GOP presidential race wades into Flint crisis

Chad Livengood
Detroit News Lansing Bureau

As Republican presidential candidates begin to descend on the state more frequently in the run-up to Michigan’s March 8 primary, political observers expect Flint’s lead exposure crisis to be on voters’ minds.

And it may be raised by Fox News moderators during the Thursday debate at Detroit’s Fox Theatre.

“The whole Flint thing is a dynamic that hasn’t existed in other states,” said Katie Packer, a Virginia-based Republican political consultant and Michigan native. “When they come to Michigan, they’re going to have to be prepared to address it.”

Even though Flint is a Democratic Party stronghold, Packer said Republican candidates need to “show some sympathy” because the state considers all of Flint’s nearly 9,000 children have been exposed to lead in the water that can hurt their health and brain development for life.

“How you treat people who are most in need is a reflection of who you are, and I think voters in Grand Rapids are concerned about what’s happened to those kids,” said Packer, who is running a super political action committee opposed to GOP front-runner Donald Trump.

Democratic presidential hopeful Hillary Clinton and rival Vermont Sen. Bernie Sanders have talked about Flint at length on the campaign trail, mostly railing against the actions and perceived inaction of Republican Gov. Rick Snyder’s administration.

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Snyder, who is not endorsing a GOP presidential candidate, said he expects fellow Republicans to talk about the EPA’s role in Flint’s lead contamination, as Kasich did at an East Lansing town hall two weeks ago.

“They had a lot of role in all of this and I haven’t really seen them taking a lot of responsibility,” Snyder said about the EPA in a recent interview with The Detroit News Editorial Board.

Since Snyder declared a state of emergency in Flint on Jan. 5, Republican presidential candidates have been asked about the crisis on the campaign trail in Iowa, New Hampshire, South Carolina and elsewhere.

Here’s what they’ve had to say:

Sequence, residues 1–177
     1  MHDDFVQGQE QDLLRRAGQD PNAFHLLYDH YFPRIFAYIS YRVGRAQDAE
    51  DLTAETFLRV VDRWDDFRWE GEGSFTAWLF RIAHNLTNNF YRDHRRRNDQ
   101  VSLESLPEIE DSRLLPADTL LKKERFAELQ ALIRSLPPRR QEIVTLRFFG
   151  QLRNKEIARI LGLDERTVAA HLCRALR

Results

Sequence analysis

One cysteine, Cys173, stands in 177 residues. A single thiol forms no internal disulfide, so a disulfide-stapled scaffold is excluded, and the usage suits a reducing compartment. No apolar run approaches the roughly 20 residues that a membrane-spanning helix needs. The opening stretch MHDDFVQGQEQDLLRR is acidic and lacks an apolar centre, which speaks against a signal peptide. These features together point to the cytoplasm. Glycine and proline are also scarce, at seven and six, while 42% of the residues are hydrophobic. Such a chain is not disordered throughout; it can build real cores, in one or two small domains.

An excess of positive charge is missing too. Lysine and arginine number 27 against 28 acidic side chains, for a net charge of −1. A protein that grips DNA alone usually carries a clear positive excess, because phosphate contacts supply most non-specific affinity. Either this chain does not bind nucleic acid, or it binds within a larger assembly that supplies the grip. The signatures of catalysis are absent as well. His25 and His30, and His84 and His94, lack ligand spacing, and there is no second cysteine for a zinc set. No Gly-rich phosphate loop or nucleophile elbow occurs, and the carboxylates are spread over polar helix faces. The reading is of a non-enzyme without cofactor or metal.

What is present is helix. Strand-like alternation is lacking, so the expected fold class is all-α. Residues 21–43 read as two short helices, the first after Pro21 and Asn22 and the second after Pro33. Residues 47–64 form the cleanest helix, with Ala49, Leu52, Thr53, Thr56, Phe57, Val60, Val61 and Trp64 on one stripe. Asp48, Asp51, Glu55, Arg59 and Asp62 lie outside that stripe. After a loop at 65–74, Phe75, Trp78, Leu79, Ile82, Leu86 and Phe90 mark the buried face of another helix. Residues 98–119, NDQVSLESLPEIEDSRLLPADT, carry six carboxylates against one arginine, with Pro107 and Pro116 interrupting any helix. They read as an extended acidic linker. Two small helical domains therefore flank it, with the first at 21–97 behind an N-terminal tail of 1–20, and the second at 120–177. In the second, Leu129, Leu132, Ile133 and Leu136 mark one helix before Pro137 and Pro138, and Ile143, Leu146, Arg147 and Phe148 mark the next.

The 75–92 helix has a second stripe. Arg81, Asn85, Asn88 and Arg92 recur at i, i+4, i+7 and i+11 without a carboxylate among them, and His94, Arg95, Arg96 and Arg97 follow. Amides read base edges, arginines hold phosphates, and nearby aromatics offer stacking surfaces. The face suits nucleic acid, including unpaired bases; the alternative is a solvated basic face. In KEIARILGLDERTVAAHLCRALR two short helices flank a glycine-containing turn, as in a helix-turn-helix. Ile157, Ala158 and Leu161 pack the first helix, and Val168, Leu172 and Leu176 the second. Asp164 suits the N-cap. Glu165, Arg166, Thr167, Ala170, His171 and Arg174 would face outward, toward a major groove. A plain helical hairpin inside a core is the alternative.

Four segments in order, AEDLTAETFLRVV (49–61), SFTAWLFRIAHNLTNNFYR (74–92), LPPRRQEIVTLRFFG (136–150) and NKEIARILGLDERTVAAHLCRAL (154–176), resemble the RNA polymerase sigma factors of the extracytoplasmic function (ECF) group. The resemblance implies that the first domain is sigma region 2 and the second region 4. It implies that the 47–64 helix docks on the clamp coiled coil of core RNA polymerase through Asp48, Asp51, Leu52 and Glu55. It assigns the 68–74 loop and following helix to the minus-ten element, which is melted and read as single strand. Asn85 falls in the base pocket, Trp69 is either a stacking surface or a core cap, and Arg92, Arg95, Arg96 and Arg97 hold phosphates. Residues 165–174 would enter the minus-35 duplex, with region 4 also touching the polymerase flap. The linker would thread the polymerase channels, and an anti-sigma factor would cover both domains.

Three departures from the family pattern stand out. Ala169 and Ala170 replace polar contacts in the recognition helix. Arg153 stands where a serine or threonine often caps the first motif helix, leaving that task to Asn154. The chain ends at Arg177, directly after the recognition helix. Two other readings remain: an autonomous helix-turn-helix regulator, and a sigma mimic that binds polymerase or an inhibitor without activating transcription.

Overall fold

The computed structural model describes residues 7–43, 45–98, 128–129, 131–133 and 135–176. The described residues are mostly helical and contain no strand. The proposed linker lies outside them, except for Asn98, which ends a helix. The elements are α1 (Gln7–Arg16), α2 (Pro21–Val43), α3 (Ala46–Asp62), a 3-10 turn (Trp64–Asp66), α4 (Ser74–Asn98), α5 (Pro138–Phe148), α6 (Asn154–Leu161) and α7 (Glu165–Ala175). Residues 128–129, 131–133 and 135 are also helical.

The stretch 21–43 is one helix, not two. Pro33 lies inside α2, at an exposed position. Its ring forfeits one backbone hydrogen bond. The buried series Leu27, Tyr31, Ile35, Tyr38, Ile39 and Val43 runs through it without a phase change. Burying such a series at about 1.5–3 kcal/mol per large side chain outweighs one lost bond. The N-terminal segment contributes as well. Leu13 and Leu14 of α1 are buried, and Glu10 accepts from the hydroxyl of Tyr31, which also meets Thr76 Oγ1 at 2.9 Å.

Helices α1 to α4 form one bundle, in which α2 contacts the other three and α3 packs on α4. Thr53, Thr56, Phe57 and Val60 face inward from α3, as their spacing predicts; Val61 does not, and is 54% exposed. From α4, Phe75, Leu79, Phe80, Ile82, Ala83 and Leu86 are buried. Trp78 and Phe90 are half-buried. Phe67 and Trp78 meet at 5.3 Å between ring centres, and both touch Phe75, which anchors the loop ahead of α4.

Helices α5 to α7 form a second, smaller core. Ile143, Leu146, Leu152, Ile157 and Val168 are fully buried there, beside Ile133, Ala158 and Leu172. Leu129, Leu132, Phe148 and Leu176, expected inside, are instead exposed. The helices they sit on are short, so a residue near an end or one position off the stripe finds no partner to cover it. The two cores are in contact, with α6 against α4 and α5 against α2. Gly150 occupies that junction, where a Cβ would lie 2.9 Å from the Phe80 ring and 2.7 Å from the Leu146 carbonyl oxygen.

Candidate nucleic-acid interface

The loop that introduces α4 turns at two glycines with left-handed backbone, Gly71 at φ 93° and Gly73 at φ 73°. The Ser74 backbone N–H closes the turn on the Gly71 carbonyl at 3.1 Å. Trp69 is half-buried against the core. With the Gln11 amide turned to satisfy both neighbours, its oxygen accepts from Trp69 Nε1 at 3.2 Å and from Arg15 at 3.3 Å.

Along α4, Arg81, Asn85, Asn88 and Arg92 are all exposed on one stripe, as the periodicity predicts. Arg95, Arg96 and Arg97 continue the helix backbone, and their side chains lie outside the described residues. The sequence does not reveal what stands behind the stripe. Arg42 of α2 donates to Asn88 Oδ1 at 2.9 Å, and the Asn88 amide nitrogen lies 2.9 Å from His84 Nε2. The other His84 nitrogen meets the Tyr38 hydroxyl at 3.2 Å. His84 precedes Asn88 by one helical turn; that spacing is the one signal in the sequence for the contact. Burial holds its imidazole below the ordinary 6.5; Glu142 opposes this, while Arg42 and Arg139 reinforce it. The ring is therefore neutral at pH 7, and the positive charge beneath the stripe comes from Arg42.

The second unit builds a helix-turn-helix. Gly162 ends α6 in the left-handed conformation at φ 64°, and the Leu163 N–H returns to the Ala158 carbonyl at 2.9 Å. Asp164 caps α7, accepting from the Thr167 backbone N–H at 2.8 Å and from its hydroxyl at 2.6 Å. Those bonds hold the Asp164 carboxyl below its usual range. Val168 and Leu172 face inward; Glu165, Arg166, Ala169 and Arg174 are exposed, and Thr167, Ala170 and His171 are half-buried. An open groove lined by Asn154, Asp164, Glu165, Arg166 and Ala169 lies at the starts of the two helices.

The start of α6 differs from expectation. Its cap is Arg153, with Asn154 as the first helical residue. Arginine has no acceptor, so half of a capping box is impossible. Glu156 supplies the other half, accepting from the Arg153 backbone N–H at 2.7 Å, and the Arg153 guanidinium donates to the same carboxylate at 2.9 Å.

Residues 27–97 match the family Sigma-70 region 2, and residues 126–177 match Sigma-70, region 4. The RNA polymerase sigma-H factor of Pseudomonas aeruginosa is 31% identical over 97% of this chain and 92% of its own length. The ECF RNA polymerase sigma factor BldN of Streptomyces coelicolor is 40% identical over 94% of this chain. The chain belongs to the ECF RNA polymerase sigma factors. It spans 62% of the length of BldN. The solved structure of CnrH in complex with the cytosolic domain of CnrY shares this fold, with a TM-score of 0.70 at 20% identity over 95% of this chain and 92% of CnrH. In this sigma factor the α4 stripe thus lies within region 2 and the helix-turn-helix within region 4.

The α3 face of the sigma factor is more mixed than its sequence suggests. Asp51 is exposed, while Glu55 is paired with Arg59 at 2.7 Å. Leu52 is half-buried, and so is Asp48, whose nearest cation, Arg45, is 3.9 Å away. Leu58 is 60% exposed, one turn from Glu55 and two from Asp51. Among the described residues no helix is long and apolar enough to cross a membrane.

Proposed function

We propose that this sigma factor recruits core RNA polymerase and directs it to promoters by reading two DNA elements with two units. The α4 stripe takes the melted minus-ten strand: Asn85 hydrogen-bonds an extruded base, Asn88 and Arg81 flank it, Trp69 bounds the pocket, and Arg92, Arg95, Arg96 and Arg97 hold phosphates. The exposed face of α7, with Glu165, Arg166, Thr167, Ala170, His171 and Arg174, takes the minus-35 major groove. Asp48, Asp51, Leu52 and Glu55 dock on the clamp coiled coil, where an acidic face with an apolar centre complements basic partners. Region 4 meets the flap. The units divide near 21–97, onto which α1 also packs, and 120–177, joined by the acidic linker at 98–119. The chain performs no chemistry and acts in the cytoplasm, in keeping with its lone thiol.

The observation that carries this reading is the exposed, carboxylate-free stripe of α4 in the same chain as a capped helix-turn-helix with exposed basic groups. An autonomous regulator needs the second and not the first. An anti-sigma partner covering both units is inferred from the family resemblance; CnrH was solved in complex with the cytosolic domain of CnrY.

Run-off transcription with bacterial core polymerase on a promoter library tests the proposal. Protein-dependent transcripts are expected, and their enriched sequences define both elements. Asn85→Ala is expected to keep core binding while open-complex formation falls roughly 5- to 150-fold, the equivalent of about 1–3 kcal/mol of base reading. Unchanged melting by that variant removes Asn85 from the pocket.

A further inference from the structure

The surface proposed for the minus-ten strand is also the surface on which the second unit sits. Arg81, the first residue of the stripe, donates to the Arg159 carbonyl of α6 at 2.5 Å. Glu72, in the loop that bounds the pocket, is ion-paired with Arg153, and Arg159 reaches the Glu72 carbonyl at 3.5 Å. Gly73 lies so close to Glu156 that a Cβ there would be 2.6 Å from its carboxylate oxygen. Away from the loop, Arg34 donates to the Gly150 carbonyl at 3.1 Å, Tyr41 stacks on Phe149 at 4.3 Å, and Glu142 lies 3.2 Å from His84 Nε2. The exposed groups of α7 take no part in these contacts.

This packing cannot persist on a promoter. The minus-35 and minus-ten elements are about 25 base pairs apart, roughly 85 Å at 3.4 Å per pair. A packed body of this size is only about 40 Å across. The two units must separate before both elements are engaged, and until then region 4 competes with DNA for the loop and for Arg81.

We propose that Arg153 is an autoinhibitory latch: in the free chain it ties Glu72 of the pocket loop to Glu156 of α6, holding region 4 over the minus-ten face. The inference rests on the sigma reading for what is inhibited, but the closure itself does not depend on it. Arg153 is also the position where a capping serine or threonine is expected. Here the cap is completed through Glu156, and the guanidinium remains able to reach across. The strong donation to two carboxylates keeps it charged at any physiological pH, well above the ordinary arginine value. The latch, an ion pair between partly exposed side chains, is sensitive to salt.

Donald Trump: During a Jan. 19 campaign stop in Winterset, Iowa, Trump made brief remarks about the crisis in Flint. “Well, it’s a shame what’s happening,” he told reporters, according to NBC News.

“A thing like that shouldn’t happen but, again, I don’t want to comment on that,” Trump said. “They’ve got a very difficult problem, and I know the governor’s got a very difficult time going. But you know, I shouldn’t be commenting on Flint.”

Ted Cruz: The U.S. senator from Texas called Flint’s lead-tainted water “an absolute travesty” during a Jan. 19 campaign stop in New Hampshire.

“It is a failure at every level of government,” Cruz told reporters, according to NBC News. “It is a failure of the city officials, it is a failure of the county officials, it is a failure of the state officials, and the men and women of Michigan have been betrayed.”

Marco Rubio: On Jan. 18, a Detroit News reporter asked Rubio about the Flint water crisis on the campaign trail in Coralville, Iowa. “That’s not an issue that, right now, we’ve been focused on,” Rubio said. “It’s just not an issue that we’ve quite frankly been fully briefed or apprised of, in terms of the role the governor’s played, the state has played on these sorts of issues.”

The next day, reporters in Minnesota asked Rubio about Flint and the Florida senator said he still had not been briefed on the subject.

Two days later, Rubio called the lead contamination of Flint’s water system “tragic.”